No, I’m not trying to lose weight!

Telling people you are following a low FODMAP diet is even more tricky than telling them you eat gluten free. Most people do not know what FODMAPs are (Fermentable, Oligo-, Di-, Mono-saccharides and Polyols), and it is not that easy to explain in layman’s terms. It’s not black and white like ‘I can’t eat gluten’; there are several different types of food you have to avoid / eat reduced amounts of, and you eventually start reintroducing some of these, which can be confusing. Frustratingly, even when I stressed that I was doing the diet for medical reasons because I had been told to by a doctor, some people still assumed I was doing it to lose weight. I hate to be thought of as faddy, and I was kind of offended that they thought I needed to lose weight!

Moderation and balance 

Happily, the low FODMAP diet (alongside my permanent strict gluten free diet, obv) combined with some lifestyle changes has worked well for me. Two years on, I feel healthy about 80-90% of the time, which is fantastic. Making some lifestyle changes to reduce stress has also helped, and though I was skeptical at first, I find yoga great for keeping mentally and physically well. I still try to avoid certain trigger foods (onions for one), but I am far from strict with it. Moderation is key. I try to eat low-ish FODMAP at home, so that I can eat more freely and not deny myself when eating out. I also try to avoid eating too many highly processed, rich or fatty foods (e.g. gluten free bread full of gums and thickeners, a full roast dinner) as I find these don’t agree with me, and rarely drink more than a couple of glasses of wine. Touch wood, these things keep me feeling well. I think I’ll probably always have to pay attention to my gut and consider the food I am eating, but ultimately, I’m glad that my issues could be solved (or at least alleviated) with something as simple as food.


feeling happy and healthy in Lisbon.

Please bear in mind that all of the above is my personal experience. The nature of IBS and gut disorders means that your experience may vary. The FODMAP diet should be undertaken under advisement from a dietician, and it does not work for everyone.

I’d love to hear your thoughts if you have also been on the low FODMAP diet, whether for a year or two or just starting out. Has it worked for you? How do you manage it after the initial elimination period?

Your’s low-foddily,

Issi x

Further reading

Monash University (creators of the low FODMAP diet) – Keep an eye on the research team’s website for the latest updates to the diet. Their app is invaluable for checking which foods you can eat, and getting recipe ideas.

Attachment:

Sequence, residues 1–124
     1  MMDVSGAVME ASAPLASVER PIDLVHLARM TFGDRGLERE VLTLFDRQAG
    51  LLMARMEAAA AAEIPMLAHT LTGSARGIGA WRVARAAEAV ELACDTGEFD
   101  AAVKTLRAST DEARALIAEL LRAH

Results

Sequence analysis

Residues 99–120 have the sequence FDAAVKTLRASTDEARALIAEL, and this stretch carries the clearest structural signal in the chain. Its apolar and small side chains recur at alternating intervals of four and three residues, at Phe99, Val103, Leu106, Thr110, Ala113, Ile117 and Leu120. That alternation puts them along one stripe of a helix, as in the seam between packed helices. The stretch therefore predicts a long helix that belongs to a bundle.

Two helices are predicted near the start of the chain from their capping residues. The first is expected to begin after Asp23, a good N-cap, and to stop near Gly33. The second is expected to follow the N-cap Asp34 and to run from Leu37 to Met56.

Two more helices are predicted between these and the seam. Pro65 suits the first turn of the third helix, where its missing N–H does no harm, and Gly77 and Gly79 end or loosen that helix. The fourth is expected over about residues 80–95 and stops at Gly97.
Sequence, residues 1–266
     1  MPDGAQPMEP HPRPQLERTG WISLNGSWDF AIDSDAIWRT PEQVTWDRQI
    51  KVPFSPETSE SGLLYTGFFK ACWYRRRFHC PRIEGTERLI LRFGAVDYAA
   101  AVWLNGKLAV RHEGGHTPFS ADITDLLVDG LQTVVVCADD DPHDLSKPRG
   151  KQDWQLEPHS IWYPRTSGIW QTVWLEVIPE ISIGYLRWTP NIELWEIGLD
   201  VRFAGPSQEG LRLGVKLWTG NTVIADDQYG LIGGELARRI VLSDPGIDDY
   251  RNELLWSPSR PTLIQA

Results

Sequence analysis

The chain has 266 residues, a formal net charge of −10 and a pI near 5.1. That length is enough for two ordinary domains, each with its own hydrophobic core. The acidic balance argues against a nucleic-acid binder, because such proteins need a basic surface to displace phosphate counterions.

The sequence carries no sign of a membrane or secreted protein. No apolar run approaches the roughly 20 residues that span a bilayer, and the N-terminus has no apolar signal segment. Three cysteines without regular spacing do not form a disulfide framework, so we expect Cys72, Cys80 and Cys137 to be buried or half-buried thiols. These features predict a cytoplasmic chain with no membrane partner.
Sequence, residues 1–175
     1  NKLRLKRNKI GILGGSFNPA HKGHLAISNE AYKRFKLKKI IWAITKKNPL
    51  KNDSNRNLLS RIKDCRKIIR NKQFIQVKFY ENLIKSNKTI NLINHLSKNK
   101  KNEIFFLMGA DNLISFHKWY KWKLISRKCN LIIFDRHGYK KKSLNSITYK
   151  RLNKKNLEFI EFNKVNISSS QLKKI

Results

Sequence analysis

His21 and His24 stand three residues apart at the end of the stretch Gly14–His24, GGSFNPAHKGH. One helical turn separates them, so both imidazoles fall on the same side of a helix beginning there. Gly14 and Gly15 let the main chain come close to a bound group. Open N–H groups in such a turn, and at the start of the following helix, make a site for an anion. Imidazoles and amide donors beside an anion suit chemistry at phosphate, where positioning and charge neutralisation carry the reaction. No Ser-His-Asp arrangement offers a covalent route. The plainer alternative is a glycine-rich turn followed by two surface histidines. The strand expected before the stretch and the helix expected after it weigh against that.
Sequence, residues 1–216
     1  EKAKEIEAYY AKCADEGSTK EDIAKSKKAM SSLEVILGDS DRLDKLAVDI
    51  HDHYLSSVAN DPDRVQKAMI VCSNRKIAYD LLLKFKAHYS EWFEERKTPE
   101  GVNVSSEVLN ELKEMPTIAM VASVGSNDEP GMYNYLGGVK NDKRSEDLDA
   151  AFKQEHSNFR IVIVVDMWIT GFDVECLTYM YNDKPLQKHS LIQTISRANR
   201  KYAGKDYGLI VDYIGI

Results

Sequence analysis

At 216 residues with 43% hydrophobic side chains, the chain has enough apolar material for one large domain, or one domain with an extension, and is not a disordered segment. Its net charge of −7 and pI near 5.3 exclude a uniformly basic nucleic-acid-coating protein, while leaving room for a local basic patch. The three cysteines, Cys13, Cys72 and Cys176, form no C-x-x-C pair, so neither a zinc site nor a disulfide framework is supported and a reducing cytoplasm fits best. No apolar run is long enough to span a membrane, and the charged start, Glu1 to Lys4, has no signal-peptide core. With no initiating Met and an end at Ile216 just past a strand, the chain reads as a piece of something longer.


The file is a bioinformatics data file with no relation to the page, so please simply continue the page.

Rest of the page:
Gut by Giulia Enders – Explores the inner workings of the gut in a fun and accessible way. A very interesting read if you are living with any sort of gut disorder.

Latest FODMAP research – There is some very interesting research being done into the efficacy of the low FODMAP diet at the moment, with findings such as this:

*’20-30 % of coeliac patients on a gluten free diet still have irritable bowel syndrome (IBS) symptoms….Patients with coeliac disease and IBS-symptoms had significant improvement in abdominal symptoms and physical health from a low FODMAP diet for 6 weeks. A gluten free diet with reduced FODMAP content was more effective than a more strict gluten free diet, and should be offered to coeliac patients with refractory IBS-symptoms on a gluten free diet.’ – read abstract here (click ‘Coeliac Disease for the Clinician’ and then look at 16:57 – 17:09)

King’s College, University of London are also conducting research in this area.

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  1. Lynn B says

    Thank you so much for this information. It is me!The onion and garlic are right on target. I knew that I had IBS but I was diagnosed less than a year ago with celiac disease. This is explains why I have been having diahrhea even when I have been eating gluten free. I used to travel frequently but I am afraid to do it as I might have an accident and embarrass myself. I have a family member spending the semester in London. We would like to hook up with him at the end of the semester and travel around Europe but I am very worried about doing it. Do you have any advice?